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Related to carve: Carve out
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be carved in stone
To be made permanent, typically of a plan or idea. We might get brunch next weekend, but nothing is carved in stone yet.
carve (out) a niche
To establish a unique role (for oneself), usually by excelling in a very specific area. I was able to carve out a niche at the farmers' market by selling something no one else was—dried beans. Our graphic designer really carved out a niche for himself with that series of innovative ads.
carve (something) from (something)
To use a knife or other tool to carve a block or mass of some material, typically wood, into a desired shape. I'm always so impressed by artisans that can carve animal figures from blocks of wood.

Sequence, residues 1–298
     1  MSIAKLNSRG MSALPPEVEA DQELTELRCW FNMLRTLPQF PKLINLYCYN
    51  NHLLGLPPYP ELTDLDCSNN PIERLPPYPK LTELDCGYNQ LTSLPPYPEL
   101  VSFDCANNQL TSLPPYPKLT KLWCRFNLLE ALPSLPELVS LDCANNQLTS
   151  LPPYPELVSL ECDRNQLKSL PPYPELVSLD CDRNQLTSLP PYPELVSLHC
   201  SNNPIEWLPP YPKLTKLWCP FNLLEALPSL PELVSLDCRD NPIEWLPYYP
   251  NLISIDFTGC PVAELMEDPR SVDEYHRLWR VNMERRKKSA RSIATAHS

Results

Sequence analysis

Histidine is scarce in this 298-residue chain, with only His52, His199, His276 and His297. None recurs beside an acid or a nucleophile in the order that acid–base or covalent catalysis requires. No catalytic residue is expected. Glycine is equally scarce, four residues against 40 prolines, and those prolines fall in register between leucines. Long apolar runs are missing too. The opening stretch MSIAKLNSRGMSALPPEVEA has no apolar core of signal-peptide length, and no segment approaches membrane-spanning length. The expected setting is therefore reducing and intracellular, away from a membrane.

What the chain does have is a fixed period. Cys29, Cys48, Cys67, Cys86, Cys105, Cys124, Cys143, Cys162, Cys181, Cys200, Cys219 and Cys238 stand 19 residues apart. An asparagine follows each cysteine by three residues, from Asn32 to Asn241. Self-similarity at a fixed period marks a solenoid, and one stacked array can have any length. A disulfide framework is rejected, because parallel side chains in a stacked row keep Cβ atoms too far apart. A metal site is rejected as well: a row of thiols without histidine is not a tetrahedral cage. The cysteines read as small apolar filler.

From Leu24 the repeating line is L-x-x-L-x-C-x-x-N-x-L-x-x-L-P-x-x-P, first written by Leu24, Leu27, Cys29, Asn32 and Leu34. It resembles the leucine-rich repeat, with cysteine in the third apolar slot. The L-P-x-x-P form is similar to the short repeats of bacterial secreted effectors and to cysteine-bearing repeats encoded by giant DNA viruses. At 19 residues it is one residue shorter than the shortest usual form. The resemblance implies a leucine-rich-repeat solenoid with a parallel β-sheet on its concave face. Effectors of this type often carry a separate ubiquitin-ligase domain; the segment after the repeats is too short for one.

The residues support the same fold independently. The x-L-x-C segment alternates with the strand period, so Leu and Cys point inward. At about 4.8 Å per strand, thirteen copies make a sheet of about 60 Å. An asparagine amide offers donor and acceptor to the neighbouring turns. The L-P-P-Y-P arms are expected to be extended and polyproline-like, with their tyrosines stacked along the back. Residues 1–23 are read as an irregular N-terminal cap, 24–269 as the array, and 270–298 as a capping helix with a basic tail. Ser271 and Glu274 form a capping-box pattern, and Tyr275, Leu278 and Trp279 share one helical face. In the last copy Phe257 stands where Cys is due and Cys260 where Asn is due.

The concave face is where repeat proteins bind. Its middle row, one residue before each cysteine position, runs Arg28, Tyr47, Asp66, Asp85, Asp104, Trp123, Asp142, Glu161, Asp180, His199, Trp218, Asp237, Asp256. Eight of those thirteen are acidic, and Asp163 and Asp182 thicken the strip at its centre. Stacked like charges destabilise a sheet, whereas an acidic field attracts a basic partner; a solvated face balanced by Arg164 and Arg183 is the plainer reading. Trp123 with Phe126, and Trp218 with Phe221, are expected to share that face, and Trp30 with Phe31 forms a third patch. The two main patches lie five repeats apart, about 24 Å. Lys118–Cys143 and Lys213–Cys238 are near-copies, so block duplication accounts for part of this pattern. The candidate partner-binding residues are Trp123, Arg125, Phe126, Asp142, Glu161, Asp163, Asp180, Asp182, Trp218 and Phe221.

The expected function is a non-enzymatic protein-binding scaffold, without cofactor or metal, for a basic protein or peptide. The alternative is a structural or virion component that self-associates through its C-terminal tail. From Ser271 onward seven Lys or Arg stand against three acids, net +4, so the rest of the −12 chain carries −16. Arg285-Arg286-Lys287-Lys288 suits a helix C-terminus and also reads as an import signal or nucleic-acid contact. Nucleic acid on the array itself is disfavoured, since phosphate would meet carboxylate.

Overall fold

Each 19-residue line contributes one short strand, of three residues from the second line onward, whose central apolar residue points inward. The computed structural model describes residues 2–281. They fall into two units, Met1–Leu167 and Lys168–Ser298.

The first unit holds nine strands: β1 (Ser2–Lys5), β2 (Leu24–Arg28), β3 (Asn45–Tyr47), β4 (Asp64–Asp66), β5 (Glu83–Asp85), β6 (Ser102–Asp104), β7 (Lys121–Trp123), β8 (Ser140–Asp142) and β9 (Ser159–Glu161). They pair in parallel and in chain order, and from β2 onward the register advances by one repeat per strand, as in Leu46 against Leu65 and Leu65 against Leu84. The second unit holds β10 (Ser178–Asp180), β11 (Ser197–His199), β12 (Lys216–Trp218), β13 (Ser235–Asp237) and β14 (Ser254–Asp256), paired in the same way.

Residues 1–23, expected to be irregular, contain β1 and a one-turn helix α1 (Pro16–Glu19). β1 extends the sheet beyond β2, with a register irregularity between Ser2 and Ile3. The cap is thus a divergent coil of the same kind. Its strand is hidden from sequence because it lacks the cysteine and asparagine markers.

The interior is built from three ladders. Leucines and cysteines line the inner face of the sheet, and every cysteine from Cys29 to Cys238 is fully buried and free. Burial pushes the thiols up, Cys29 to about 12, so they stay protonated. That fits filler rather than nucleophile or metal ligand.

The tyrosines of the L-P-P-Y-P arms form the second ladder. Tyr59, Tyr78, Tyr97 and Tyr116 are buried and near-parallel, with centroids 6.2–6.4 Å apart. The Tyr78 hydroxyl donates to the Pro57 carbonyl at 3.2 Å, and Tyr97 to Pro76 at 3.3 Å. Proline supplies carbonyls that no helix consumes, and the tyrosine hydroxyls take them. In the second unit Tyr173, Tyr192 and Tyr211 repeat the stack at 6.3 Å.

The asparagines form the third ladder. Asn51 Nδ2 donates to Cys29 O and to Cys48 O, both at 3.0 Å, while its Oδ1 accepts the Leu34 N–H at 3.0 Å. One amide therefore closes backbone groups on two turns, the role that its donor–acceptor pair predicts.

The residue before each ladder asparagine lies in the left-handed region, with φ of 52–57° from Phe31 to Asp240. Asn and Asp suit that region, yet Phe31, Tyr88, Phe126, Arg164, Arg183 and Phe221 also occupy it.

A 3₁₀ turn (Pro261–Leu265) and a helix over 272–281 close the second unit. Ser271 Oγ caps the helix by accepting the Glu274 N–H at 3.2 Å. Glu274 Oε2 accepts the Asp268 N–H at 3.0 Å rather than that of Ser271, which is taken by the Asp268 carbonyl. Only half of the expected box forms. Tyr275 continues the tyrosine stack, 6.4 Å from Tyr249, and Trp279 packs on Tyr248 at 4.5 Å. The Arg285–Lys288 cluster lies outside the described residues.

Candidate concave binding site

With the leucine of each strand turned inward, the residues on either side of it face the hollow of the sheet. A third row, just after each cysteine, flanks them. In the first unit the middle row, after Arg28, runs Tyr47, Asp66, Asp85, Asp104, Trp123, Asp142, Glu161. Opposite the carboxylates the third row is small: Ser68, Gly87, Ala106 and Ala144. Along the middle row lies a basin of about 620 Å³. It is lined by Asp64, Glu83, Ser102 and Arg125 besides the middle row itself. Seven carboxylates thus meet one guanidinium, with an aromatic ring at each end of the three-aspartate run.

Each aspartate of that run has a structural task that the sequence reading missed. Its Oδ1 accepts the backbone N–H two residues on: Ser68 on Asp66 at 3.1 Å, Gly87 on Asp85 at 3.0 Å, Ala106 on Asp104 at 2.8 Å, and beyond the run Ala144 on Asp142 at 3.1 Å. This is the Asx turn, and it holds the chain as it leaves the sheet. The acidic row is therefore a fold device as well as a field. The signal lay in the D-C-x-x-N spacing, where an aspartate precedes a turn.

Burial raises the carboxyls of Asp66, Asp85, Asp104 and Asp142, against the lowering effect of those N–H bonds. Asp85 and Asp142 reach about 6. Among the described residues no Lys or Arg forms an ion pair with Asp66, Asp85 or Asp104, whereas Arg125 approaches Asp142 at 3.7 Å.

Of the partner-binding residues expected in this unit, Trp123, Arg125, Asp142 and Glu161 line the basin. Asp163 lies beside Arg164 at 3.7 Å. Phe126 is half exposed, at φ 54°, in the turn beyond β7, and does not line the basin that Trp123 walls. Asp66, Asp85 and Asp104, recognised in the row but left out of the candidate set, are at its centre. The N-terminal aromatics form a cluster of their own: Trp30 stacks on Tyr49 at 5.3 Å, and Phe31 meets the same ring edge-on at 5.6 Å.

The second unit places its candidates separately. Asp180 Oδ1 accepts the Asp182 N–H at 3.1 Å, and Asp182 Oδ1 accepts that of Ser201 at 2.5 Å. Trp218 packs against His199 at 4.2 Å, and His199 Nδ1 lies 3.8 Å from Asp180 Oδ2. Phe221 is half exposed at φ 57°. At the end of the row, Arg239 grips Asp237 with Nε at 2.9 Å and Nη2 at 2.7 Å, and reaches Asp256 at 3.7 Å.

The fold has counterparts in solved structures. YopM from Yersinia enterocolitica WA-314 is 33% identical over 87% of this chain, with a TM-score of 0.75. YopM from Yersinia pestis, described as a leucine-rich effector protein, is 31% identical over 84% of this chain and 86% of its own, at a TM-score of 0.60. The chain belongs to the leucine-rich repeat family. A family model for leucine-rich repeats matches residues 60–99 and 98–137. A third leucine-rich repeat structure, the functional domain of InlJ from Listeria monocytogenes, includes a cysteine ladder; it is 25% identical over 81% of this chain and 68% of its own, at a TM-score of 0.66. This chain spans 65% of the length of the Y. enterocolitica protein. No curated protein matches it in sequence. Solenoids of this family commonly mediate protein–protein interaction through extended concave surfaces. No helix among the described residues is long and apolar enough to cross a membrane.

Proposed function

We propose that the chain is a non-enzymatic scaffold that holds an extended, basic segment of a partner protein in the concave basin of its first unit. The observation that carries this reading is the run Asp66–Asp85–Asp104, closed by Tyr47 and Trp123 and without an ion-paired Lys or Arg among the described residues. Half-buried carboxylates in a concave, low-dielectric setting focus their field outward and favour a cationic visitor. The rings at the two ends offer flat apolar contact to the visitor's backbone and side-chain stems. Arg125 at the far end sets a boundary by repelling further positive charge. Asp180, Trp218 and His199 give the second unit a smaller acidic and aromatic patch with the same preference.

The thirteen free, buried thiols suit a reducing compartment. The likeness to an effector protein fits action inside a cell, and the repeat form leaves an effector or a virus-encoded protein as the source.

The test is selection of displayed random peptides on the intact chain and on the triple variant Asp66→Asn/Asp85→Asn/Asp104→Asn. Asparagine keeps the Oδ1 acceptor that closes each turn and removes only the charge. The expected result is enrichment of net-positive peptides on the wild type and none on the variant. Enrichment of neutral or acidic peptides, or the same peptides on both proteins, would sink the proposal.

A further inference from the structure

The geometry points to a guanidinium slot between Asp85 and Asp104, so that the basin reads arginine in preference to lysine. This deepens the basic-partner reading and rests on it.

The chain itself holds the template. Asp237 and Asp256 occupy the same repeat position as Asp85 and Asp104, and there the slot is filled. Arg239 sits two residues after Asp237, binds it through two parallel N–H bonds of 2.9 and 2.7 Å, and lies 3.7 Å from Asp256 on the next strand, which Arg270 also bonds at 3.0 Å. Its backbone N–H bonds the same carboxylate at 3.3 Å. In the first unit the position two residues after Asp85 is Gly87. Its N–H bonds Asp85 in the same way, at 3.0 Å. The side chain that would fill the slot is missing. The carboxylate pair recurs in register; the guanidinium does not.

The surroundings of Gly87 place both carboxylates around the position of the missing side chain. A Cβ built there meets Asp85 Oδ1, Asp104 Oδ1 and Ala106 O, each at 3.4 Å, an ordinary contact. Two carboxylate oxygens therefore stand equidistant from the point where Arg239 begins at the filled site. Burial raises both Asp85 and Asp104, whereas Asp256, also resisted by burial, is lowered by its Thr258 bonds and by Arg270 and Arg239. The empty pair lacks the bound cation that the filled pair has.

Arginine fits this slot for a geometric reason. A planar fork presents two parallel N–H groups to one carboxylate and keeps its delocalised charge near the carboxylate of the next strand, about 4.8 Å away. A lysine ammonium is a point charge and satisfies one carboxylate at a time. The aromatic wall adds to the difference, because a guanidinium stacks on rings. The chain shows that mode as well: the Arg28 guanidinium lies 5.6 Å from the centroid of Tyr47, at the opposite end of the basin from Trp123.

carve (something) in stone
To make something permanent and incapable of being changed, typically a plan or idea. We might get brunch next weekend, but we haven't carved anything in stone yet.
carve (something) into (something)
1. To etch something into a particular surface or material. Don't carve your initials into your desk unless you want to get detention.
2. To use a knife or other tool to carve a block of some material, typically wood, into a desired shape. I'm always so impressed by artisans that can carve blocks of wood into beautiful animal figures.
1. Literally, to remove the inner part of an object. A noun or pronoun can be used between "carve" and "out." The first step in this recipe is to carve out your fruit and dispose of the seeds. They made canoes by carving out big logs.
2. To establish a niche or role for oneself. A noun or pronoun can be used between "carve" and "out." It took a long time, and many small acting parts, before I was able to carve out a career as a character actor.
3. To take or obtain a portion of something. A noun or pronoun can be used between "carve" and "out." I decided to invest in their unique product because I could see it carving out a chunk of the tech market in the near future.